In A Nutshell
Maya blue is one of the few dye pigments that has survived almost 15 centuries. The blue color, long a mystery to scientists and chemists, has finally had another piece of its creation decoded: dehydroindigo. The chemical makeup probably mattered little to the people who created it, though, as the color had a major religious significance and was used to paint the naked bodies of human sacrifices before their hearts were torn from their chests.
The Whole Bushel
While other colors have long since faded, Maya blue remains to give us a brightly colored look into one of the most important aspects of Mayan life: religious sacrifice.
What we know about Maya blue has slowly developed over decades, and it started with a rather puzzling discovery that quickly turned gruesome. In 1904, an archaeological excavation was sent to explore a natural well outside of Mexico’s Chichen Itza. The well was called the Sacred Cenote, and it was a spot of supreme religious importance. The excavation found a number of religious artifacts, including pottery, bowls, incense burners, and the bones belonging to 127 skeletons.
At the bottom of the natural well was, as expected, mud. But the top layer of mud, about 4.2 meters (14 ft) of it, was a distinctive blue color. It was the same blue that had been found surviving on other artifacts: Maya blue. The earliest samples of Maya blue were dated to about A.D. 300, and, disturbingly, it’s not just a pretty color.
When the skies turned the same shade as Maya blue, that meant there was no rain in sight. There was no sign of clouds, no relief, no rain for the crops, no lifeblood for the Maya. So, they would need to shed a little of that blood.
Maya blue was also the color that was associated with Chaak, the rain god, and it was Chaak that was honored with many, many human sacrifices. According to European accounts, sacrifices were first painted Maya blue, then put onto an altar where their still-beating hearts were cut out of their living bodies.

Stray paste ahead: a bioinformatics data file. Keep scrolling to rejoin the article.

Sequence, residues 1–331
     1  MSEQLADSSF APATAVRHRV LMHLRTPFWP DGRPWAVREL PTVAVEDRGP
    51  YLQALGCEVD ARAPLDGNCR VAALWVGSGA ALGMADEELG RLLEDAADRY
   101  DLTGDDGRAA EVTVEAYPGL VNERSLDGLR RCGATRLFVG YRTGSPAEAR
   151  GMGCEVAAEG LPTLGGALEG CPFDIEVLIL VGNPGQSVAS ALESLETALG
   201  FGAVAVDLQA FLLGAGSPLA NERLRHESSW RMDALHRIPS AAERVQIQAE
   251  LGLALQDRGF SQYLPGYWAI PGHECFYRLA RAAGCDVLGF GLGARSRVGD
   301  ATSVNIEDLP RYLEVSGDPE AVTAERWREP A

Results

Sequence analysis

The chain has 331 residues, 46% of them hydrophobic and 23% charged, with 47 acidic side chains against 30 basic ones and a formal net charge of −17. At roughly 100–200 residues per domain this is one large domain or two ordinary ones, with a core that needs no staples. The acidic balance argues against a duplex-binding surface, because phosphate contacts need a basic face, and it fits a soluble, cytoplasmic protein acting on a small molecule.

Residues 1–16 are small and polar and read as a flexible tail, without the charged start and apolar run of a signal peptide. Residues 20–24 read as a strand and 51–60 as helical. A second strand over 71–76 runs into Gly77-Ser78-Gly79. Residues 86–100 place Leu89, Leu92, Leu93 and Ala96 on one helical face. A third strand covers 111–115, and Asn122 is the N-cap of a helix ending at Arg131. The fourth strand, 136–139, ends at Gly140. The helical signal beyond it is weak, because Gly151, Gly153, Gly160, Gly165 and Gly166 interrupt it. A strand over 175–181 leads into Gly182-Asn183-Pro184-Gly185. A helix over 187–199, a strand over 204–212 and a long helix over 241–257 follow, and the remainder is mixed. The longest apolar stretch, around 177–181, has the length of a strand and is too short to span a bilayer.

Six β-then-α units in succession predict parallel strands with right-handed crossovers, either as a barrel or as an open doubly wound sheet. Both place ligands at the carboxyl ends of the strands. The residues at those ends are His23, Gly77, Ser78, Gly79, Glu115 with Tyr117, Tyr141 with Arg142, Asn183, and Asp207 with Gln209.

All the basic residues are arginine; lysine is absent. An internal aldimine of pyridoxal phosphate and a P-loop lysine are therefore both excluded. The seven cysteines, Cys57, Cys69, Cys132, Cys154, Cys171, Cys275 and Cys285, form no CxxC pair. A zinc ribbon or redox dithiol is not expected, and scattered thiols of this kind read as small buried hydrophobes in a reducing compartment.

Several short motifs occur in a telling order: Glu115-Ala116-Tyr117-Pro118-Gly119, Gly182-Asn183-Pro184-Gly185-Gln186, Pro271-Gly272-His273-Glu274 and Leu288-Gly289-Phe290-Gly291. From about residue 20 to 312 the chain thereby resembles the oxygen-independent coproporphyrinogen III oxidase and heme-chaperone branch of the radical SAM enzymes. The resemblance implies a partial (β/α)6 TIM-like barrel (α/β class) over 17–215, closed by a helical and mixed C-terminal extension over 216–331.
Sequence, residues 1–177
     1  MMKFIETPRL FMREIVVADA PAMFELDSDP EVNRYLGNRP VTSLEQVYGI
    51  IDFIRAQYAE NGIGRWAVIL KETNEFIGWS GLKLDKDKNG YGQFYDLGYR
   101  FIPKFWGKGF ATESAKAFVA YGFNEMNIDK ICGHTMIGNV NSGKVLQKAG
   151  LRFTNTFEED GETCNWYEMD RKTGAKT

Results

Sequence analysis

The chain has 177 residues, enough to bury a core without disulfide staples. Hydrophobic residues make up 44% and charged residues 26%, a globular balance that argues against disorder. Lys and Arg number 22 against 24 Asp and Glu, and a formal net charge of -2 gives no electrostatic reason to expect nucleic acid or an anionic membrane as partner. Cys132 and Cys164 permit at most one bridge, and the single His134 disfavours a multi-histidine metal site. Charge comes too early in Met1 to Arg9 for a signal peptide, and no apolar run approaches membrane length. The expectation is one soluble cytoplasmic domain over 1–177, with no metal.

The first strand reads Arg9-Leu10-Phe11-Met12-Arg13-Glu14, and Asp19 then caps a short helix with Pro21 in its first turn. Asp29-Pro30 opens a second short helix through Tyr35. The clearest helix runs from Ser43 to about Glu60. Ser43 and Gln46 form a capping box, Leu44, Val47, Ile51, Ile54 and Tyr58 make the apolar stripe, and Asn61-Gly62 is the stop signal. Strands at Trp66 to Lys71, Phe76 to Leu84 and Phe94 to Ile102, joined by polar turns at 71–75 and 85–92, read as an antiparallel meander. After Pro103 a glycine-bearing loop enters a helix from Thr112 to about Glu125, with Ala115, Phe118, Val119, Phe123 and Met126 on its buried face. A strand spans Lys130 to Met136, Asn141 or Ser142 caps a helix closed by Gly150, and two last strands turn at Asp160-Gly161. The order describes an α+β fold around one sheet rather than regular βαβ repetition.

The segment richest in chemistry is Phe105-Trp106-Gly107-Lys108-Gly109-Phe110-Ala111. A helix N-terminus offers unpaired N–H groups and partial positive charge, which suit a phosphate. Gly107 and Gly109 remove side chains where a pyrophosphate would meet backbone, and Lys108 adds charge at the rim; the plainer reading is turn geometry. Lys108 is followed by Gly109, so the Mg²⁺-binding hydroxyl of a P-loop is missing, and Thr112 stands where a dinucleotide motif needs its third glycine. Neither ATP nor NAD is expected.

Sacrifices were thrown into the Sacred Cenote, and that’s where the 4 meters of blue sludge at the bottom came from: the incredibly durable pigment washed off the bodies of the sacrifices, remaining behind while the unfortunate sacrifices decomposed over the centuries. Sometimes, it was painted pottery offerings that were thrown into the well, but the uncovering of more than 100 human skeletons leaves no doubts that it was the sacrifices described in the journals of European explorers that were thrown in there, too.
Maya blue presented another mystery to those that had found the brightly colored artifacts. Just how was a pigment made that could survive time and weathering, where all others had long faded?
And it wasn’t an easy answer to find.
It wasn’t until the 1960s that chemists finally figured out the components. Indigo dye was somehow combined with a mineral called palygorskite, but that’s all they knew . . . until 50 years later.
Technology finally caught up to the Maya enough to detect another component of the mysterious color. Dehydroindigo is an oxidized form of indigo. Indigo is blue (the same color we use to dye jeans today), and dehydroindigo is yellow, which would combine to give Maya blue its distinctive soft, greenish tinge.
But it’s still a mystery how the Maya actually got the color to adhere so permanently to the pottery and clay that it’s on today. At one point, it was put forth that resin also used in the creation of incense may have been used in creating the color, but that’s up for debate.
It’s also been put forth that the recipe was a trade secret, held by the same priests who would decide when it was time to appease Chaak with a sacrifice, hoping that he would return the rains to the land and bring life to others. What we do know is that this bright, beautiful color meant death for so many.